|Bid||16.71 x 1200|
|Ask||17.48 x 1100|
|Day's range||16.12 - 17.31|
|52-week range||12.54 - 23.93|
|Beta (5Y monthly)||1.38|
|PE ratio (TTM)||8.34|
|Forward dividend & yield||0.70 (3.93%)|
|Ex-dividend date||09 Mar 2020|
|1y target est||N/A|
Today we dive into three cheap stocks trading under $20 a share that also pay a dividend that investors might want to buy now during coronavirus volatility...
Here at Zacks, our focus is on the proven Zacks Rank system, which emphasizes earnings estimates and estimate revisions to find great stocks. Nevertheless, we are always paying attention to the latest value, growth, and momentum trends to underscore strong picks.
By offering free access to its GPU-accelerated genome analysis toolkit, Parabricks, to researchers, NVIDIA joins the group of tech companies trying to contain the spread of the coronavirus pandemic.
HP CEO Enrique Lores tells Yahoo Finance demand for PCs and printers have been strong as people work from home during the coronavirus pandemic.
The Dow and the S&P 500 closed in the positive territory on Wednesday as investors remained hopeful that the U.S. Senate will pass a $2 trillion economic rescue package to boost beaten-down stocks.
HP (HPQ) is leveraging the 3D printing technology to produce hands-free door openers, face mask adjusters and face shield for health workers attending to coronavirus patients.
(Bloomberg) -- HP Inc. again asked shareholders to reject Xerox Holdings Corp.’s takeover offer, saying that a complex merger could be “disastrous” for the personal computer giant amid economic shocks stemming from the Covid-19 pandemic.“Under these circumstances and consistent with our fiduciary duties, we believe that we should not divert valuable time, attention and resources to a dialogue with Xerox about its proposed transaction,” the Palo Alto, California-based company said Wednesday in a letter to investors. “Since Xerox launched its unsolicited exchange offer and nominated directors, the global, social, economic and financial environments have changed radically. Despite this, Xerox continues to advance its tender offer and its proposed slate of directors in an effort to force a combination.”Xerox has sought to acquire HP, the world’s second-largest personal computer maker, for $24 a share in cash and stock, a deal valued at roughly $35 billion. Xerox said this month it would pause its pursuit of HP during the pandemic, but the company planned to resume the effort when the situation improved, Bloomberg News reported. Xerox has launched a tender offer for outstanding shares of HP and also nominated a slate of directors to replace the company’s board.For more articles like this, please visit us at bloomberg.comSubscribe now to stay ahead with the most trusted business news source.©2020 Bloomberg L.P.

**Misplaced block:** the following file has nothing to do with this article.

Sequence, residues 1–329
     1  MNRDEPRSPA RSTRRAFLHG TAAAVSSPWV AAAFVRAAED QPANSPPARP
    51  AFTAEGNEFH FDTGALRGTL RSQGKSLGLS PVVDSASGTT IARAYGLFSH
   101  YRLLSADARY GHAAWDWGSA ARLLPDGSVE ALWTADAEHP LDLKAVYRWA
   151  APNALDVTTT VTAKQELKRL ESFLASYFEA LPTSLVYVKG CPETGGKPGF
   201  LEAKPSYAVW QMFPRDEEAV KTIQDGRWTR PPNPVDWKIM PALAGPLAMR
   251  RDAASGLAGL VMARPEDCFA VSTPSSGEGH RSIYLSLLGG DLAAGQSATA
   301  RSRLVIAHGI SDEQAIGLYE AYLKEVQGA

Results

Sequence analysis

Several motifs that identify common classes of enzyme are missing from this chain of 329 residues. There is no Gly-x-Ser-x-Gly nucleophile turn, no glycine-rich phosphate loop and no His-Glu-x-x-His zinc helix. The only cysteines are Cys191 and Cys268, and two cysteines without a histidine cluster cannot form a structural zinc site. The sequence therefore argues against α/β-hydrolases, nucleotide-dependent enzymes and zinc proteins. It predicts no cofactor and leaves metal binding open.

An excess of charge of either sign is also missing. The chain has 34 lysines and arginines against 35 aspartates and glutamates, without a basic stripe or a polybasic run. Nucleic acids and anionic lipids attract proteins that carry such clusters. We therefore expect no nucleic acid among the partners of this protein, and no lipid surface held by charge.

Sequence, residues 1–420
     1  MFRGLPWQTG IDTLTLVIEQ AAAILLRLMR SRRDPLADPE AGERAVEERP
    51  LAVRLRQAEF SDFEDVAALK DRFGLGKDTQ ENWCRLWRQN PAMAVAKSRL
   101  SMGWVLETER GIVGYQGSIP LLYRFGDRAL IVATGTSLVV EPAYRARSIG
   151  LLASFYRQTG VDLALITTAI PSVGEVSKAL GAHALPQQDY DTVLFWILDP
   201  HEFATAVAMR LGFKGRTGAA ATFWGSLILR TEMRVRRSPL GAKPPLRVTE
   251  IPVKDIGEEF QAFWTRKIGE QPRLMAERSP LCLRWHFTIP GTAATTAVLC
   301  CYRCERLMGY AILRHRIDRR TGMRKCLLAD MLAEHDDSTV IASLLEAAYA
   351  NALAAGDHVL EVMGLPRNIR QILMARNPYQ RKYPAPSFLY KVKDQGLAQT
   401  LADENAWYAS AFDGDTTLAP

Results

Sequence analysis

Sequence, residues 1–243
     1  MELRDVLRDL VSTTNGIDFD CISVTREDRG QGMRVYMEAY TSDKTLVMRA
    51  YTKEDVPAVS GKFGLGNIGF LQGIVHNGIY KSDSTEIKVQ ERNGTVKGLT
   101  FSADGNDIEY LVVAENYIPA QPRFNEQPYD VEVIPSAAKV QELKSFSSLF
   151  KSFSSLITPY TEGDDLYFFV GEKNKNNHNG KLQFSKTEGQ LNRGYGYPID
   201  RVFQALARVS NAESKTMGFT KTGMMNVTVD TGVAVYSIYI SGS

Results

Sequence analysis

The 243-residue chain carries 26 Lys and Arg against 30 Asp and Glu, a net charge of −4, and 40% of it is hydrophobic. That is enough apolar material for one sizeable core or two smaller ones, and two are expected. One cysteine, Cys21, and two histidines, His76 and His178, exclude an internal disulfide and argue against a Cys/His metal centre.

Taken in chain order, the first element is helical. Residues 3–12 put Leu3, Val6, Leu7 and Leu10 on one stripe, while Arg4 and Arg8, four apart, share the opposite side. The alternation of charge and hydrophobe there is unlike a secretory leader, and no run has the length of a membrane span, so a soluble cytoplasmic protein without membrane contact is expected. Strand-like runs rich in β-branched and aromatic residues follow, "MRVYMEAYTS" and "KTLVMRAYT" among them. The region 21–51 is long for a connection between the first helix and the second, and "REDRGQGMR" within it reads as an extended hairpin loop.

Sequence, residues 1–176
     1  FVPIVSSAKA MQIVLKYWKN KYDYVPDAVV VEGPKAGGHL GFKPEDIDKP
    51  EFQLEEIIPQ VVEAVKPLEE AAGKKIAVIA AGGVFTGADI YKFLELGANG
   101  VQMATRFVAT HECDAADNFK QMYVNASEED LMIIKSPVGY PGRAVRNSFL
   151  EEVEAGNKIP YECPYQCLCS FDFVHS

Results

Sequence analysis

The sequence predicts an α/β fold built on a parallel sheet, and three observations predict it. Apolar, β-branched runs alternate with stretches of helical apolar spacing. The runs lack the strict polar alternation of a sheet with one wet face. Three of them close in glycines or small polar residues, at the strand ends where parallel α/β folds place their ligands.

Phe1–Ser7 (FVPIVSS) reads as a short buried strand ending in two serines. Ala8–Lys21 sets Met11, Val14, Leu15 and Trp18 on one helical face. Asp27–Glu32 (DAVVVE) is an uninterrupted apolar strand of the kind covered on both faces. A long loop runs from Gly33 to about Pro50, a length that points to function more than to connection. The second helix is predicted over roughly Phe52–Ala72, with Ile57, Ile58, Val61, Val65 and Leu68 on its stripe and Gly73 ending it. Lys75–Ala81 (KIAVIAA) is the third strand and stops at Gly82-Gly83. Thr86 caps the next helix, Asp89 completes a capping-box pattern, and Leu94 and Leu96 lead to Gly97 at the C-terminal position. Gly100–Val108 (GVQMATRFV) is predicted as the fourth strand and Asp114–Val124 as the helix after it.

Xerox's (XRX) bottom line is benefiting from "Project Own It," an initiative aimed at increasing productivity and efficiency, reducing costs, and realigning business to changing market conditions.
Best Buy's stores have been packed amid the rush to buy work-from-home gear during the coronavirus pandemic.